Am I overcompensating on my HR issues?

Mar 1/20

Hey Derek,

In response to your comments on my first post, Hiring the person with experience, was a FAIL., here are my thoughts.

Maybe, I am overcompensating on my Human Resources issues.

BUT, it still hurts.

The feeling is like gambling on a European roulette table. The odds of seeing 10 reds in succession are 1 in 1376. Even with those odds, my heart says to bet on red, but I’m torn cuz my head says to bet on black and go against the momentum. Been going against the odds all my life and so far it had worked but this time I did what my head said and I bet on the black.

All bets are in. No more bets!“, says the dealer.

Fuck, it’s red!

Hiring this experienced player is like what the Canuck’s did by taking a gamble on Loui Erickson. Loui this season, so far, he has only put up 12 points in 45 games. 5 goals he scored were empty-net goals as well.

Let me explain what happens before I started looking for experienced free-agents.

It started late last year, my partners and I have been discussing that we need to find a way to scale our digital marketing agency faster. We needed to shift some focus from developing into signing experienced players.

It’s hard to disagree with them without exploring their theory first-hand. Thus, I started scouting experienced players that will help us win.

It’s like going to the free-agency market. Buy a few superstars from other teams and be competitive over the next 82 games. The goal is to make the playoffs and win the Stanley Cup.

After scouting the free-agent market, in January 2020 we started to make our offers. We invited six players to join my digital marketing agency. A mix of experienced and supportive players.

Signed our first experienced superstar, or so I thought.

Out of the six, only three finally came to terms and joined my digital marketing agency. One out of the three players was someone who came from one of the top four marketing agencies in Thailand. They are a giant in the advertising and marketing industry.

This person who we invited, I believed had the marketing foundation, and the skills to help us open a new revenue stream. My hope was, this person would open a brand awareness service for us and take on a leadership role soon.

After the first week, it showed this person had a poor work ethic and their attitude was not to my standards. Also, this person was a slow learner. I felt this person did not even understand what marketing was.

Since it was only one week, I didn’t think too much. Who knows, this person could have been nervous. I was hoping this would bring their experience, knowledge, and perspective to the team. One month passed, and it started to show that this person couldn’t keep up with the team. She was more of a distraction rather than being a benefit to the team.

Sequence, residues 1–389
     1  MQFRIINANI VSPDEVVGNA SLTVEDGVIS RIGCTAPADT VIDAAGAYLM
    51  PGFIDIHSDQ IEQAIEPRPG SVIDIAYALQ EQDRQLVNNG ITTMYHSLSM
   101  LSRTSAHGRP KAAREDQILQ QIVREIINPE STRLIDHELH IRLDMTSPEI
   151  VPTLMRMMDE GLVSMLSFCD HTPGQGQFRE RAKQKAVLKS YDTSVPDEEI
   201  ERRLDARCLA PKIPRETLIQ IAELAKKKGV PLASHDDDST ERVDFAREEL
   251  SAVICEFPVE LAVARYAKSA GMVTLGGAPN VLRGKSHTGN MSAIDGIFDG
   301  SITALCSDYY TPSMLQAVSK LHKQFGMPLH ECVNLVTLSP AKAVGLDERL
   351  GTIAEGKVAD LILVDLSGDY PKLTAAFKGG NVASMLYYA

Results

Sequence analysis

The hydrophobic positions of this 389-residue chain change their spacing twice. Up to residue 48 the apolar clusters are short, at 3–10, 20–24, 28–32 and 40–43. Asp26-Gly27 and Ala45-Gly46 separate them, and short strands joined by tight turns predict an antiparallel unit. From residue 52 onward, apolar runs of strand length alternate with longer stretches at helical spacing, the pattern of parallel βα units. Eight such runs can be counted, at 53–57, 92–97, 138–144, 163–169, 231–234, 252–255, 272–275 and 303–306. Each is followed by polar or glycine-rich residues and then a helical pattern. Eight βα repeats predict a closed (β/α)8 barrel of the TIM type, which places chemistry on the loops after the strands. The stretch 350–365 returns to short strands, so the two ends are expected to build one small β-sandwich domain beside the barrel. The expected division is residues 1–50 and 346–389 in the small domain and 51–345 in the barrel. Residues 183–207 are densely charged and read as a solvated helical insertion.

45 days too long.

The final straw, was when we were preparing a marketing presentation for one of our current clients. The client is interested in our brand awareness service and would like us to pitch.

It seemed like a good opportunity to test this person’s capabilities. This person could take the reins and use their experience to up-sell our client to buy the new service.

On the day of reviewing the brand awareness presentation, it was horrible. This person spent four full days and nights, according to this person, working on it. She ended up using our old lead generation presentation that already WON our client. She was defensive and clueless about what she had done.

It was so disappointing, so disappointing that I ended up having to walk out of the room to calm down. The next day we let this person go.

Yes, I’m guilty of overcompensating on my Human Resources issues.

So, YES Derek, I am overcompensating on my HR issues. But, it still hurts.

2 Comments

  • Derek :

    I hear ya. I fell victim to the ‘halo effect’.

    Remember the time I hired that popular blogger to do PR?

    1 month after the client paid a deposit, and asked for an update, all she had was a presentation version of her proposal. Lost the deposit. Lost the client (along with my other projects!).

    Work ethic is important. That is why I don’t trust freelancers or “agencies” that operate out of a home office or coffee shop. Perhaps, I’m overcompensating too~

  • Derek :

    You are only overcompensating for your issues if you are thinking of drastic changes to a system that has worked 93% of the time… Hiring is hard enough already.

    If I knew I could hire 93%, I’d be much larger by now~

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